Top investors want $1B govt-sponsored fund of fund to anchor domestic early-stage VC funds


  • 28 Aug 2012

A committee comprising the bigwigs from alternative investment fund community has estimated that the Indian entrepreneurial ecosystem would require $55 billion over the next decade and half of the amount should come as debt to support entrepreneurial activities in the country. The committee has also called for a cap of Rs 5 crore to define angel investment by an individual, besides asking for a government-sponsored fund of fund worth Rs 5,000 crore and measures to allow pension and insurance funds to invest 1-2 per cent of their corpus in early-stage VC funds among various other measures.

The committee consisted of key individuals across investment stages (angel, venture capital and private equity) including Saurabh Srivastava (Indian Angel Network), Anand Ladsariya (Mumbai Angels), Alok Mittal (Canaan Partners), Jayant Sinha (Omidyar Network), Ashish Dhawan (founder of ChrysCapital) and Sumir Chadha (Westbridge Capital), among others.

In its report presented two months ago, the committee has pointed out that India has the potential to build 2,500 successful startups, which would require at least 10,000 startups in the ecosystem (assuming one out of four startups would be able to develop a scalable venture). It has, however, added that the current system is far below the potential as just around Rs 100 crore worth of angel investments were recorded in 2011 in the country, which would need to grow to Rs 3,500 crore annually over the course of next 10 years.


Even early-stage VC investments (sub-$10 million deals) were much below the potential, having clocked Rs 1,200 crore in 2011, as against Rs 29,000 crore in comparable investments in the US and Rs 3,000 crore in China. The report states that such investments might grow to Rs 14,000 crore annually in India in the next decade.

Here are the key measures proposed by the committee:

  • Creation of innovation labs in PPP mode with the government providing infrastructure and the private sector bringing in management and operational support.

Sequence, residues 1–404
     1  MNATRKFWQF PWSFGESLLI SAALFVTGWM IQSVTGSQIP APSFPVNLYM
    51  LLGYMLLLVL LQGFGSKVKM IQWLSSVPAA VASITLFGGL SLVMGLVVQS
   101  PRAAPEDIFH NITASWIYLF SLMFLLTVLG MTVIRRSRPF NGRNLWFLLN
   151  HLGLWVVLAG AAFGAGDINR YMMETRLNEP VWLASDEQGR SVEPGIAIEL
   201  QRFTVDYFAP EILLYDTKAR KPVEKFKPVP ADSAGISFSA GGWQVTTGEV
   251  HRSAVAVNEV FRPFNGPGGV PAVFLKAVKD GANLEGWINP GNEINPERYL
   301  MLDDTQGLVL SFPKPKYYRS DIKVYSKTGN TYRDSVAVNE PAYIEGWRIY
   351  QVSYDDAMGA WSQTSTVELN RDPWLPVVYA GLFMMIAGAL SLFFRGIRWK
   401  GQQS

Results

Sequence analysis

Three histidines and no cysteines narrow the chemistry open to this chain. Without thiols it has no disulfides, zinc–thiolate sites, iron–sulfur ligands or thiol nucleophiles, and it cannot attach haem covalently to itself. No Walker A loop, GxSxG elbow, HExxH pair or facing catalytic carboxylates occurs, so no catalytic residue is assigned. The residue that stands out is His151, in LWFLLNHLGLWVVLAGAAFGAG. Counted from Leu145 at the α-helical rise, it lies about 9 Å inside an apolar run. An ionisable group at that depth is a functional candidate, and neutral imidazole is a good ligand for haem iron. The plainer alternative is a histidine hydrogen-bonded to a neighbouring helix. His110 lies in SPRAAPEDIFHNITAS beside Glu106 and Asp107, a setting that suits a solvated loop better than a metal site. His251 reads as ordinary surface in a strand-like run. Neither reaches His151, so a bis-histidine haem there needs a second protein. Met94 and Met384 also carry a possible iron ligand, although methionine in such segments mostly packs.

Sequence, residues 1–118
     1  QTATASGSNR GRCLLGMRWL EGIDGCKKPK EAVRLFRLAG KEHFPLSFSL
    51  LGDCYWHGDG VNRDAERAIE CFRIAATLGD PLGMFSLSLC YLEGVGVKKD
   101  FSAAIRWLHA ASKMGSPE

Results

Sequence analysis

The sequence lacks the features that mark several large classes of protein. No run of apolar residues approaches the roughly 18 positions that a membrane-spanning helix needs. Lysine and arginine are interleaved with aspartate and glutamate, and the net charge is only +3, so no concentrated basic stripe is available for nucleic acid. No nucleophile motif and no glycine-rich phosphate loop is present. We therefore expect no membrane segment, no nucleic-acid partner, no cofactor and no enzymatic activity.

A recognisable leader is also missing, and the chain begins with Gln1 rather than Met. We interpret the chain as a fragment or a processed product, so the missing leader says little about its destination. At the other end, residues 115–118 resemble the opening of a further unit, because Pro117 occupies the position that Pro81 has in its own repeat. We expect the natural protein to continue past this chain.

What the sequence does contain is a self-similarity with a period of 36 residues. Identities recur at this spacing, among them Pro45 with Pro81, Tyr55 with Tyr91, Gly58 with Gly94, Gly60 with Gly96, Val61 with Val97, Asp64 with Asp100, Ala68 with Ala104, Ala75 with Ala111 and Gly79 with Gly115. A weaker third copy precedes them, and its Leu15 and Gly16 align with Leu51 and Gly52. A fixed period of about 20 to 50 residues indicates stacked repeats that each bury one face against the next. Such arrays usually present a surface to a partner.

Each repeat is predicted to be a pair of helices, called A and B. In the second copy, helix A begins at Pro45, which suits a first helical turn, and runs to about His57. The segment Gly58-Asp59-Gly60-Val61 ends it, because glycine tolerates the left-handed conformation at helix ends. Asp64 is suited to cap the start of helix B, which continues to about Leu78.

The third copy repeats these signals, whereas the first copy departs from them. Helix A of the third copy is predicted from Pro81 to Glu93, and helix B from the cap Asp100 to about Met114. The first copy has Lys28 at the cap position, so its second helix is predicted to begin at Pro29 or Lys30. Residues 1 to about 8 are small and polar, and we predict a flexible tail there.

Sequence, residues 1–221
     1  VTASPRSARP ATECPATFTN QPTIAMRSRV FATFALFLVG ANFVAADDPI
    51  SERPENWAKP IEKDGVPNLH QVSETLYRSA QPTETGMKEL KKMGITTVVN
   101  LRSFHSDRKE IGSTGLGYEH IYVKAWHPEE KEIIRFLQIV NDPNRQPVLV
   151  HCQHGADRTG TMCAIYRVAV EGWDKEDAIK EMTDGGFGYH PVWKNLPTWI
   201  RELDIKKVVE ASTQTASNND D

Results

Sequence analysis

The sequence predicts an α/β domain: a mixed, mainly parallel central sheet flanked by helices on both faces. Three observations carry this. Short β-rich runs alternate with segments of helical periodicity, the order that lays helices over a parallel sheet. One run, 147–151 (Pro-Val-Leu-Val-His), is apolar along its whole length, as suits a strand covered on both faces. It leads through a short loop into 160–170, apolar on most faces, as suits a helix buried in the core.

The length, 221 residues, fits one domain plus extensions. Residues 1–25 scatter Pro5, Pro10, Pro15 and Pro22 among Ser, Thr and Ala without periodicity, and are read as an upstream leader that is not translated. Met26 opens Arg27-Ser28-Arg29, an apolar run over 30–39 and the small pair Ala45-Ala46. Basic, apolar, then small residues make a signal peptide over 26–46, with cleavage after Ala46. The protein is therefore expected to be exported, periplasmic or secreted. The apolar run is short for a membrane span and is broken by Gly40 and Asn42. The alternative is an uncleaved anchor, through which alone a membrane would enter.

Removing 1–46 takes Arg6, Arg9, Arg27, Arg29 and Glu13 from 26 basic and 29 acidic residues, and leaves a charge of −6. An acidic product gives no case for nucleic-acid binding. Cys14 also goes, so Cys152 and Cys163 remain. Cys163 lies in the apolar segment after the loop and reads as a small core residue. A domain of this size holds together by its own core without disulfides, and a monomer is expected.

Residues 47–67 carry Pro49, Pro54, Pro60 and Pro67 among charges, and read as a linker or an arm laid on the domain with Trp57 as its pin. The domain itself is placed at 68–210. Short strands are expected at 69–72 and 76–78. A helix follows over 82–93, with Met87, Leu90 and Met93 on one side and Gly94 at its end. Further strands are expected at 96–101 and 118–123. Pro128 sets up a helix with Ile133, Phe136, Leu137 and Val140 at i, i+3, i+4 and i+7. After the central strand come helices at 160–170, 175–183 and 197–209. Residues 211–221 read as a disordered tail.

• Defining early-stage ecosystem: It should include angel investment of up to Rs 5 crore by an individual and up to Rs 10 crore by a group; seed stage investment for companies with turnover of less than Rs 25 crore and VC stage investment in companies with revenue of less than Rs 50 crore (provided they are not part of a group with cumulative turnover of more than Rs 300 crore).
  • Target to raise number of incubators in the country from the current 120 to around 1,000 in tier I and tier II towns; raising the seed funding limit of these incubators from the current Rs 25 lakh to Rs 1 crore.
  • Easier exit norms: Relaxing the lock-in period for angels and VC investors, easing overseas listing norms, preference to angel and VC investors in case of ventures shutting down (already applicable but not enforceable).
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  • Allowing angel groups to form LLP with complete pass-through status; tax benefit write-off for investments up to Rs 1 crore per year.
  • Allowing PF funds and insurance funds to invest up to 1-2 per cent of their corpus in early-stage VC firms.
  • Allowing NRI investment in domestic VC funds through an automatic route.
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  • Forming a fund of fund sponsored by the government with corpus of Rs 5,000 crore (committee has suggested $1 billion but exchange rate movements has made it a shade below $900 million) with a cap of Rs 50 crore or 50 per cent of total corpus of any single VC fund.
  • Fostering venture debt financing.
  • Banks’ exposure to VC funds up to Rs 500 crore should be brought under priority sector lending rather than capital market exposure and, therefore, should be out of provisioning norms.
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    (Edited by Sanghamitra Mandal)

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